September 5, 2008
Speaking of: Talking Heads
It is a theory of mine that the vast majority of music fans go through a Talking Heads ‘phase’ at some point in their lives. I have recently entered my second.
The band, formed in 1974 in New York, are a rare anomaly in the history of popular music. They managed to remain incredibly original and refreshing throughout their time together, combining many styles in their approach to song-writing, and effortlessly managed to achieve both critical acclaim and commercial success.
When listening to the Talking Heads, I get the impression that they are a band that would have prevailed during any period of popular music from the last 50 years. The fact that the majority of their success came in an era that does not hold a huge amount of musical interest for me (obviously there are exceptions), the 1980s, the Talking Head’s great song writing abilities were not buried by the slick ’80s production many of the albums received, indeed seeming to benefit greatly from it.
The groups enigmatic front man, David Byrne, provided the necessary mystery and intrigue, both in his lyrics and original performance style and on-stage mannerisms.
I have posted a few of my personal favourite Talking Heads tracks below, attempting to give examples of different stages of the band’s career, including cuts from their time with producer Brian Eno.
I’ve started with two tracks from the 1983 album ‘Speaking in Tongues’. This album yielded the band’s first top ten single, ‘ Burning Down the House’. The second track here, the album’s closer ‘This Must be the Place (Naive Melody)’ is one of my all time favourite songs, and is one of the rare times Byrne has written about love, a subject he tends to avoid because it is “kinda big”. The track features a guitar and bass part that remain playing the same thing for the duration, leading Byrne to add Naive Melody to the title.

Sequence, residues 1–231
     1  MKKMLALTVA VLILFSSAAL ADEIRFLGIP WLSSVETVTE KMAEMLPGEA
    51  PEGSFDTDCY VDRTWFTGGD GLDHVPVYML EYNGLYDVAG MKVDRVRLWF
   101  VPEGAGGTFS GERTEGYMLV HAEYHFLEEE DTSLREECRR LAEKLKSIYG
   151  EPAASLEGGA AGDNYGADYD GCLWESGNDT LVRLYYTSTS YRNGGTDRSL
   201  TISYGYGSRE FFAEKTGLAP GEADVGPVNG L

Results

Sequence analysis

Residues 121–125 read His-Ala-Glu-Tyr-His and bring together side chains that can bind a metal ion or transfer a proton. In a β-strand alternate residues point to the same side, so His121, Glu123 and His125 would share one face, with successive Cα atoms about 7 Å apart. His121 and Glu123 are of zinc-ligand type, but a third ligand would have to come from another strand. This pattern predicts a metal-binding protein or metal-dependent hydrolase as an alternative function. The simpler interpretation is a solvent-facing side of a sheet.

The tour that followed ‘Speaking in Tongues’ was to give rise to arguably the best concert film ever, ‘Stop Making Sense’, directed by Jonathan Demme, and filmed over three nights in December 1983. The film begins with just Byrne himself playing a solo version of the hit ‘Psycho Killer’. He is then joined on stage by bass player Tina Weymouth for the above version of ‘Heaven’. It is interesting to hear the music of Talking Heads stripped of its layers of instruments, and it works to beautiful effect with this track.
Taken from the band’s debut album ‘Talking Heads: 77’ released in 1977. The track opens with an insistent guitar riff, before launching in to a jerky rhythmic feel that became an integral part of the Talking Head’s ‘sound’ on subsequent albums.
The second track from the album ‘Remain in Light’, released in 1980. The third album to be made with producer Brian Eno, ‘Remain in Light’ demonstrated the band’s ability to incorporate different styles in to their music while still maintaining unmistakable Talking Heads-ness. Funky afro-centric rhythms are prevalent throughout, with the group adding musicians of the calibre of ex-Funkadelic and Parliament keyboard player Bernie Worrell. Nigerian band leader Fela Kuti was cited by the band as a big influence on their style during this period. The track ‘Crosseyed and Painless’ is rhythmically unrelenting and seemingly bitter in its subject matter, with the closing refrain “still waiting” demonstrating Byrne’s frustrated outlook on certain topics.
Taken from the 1979 album ‘Fear of Music’. The second of the Eno produced albums, ‘Fear of Music’ spawned the hit ‘Life During Wartime’. The track ‘Air’ opens up side two of the original LP, and the listener is immediately introduced to vocal backing group The Sweetbreathes, who accentuate the interesting harmonic features of the track. The lyrical content is either an intentionally ambiguous and misleading metaphor, or a very straight to the point discussion of the state of the air in modern cities. It could perhaps be a mix of the two, a writing technique Byrne has a proven ability for.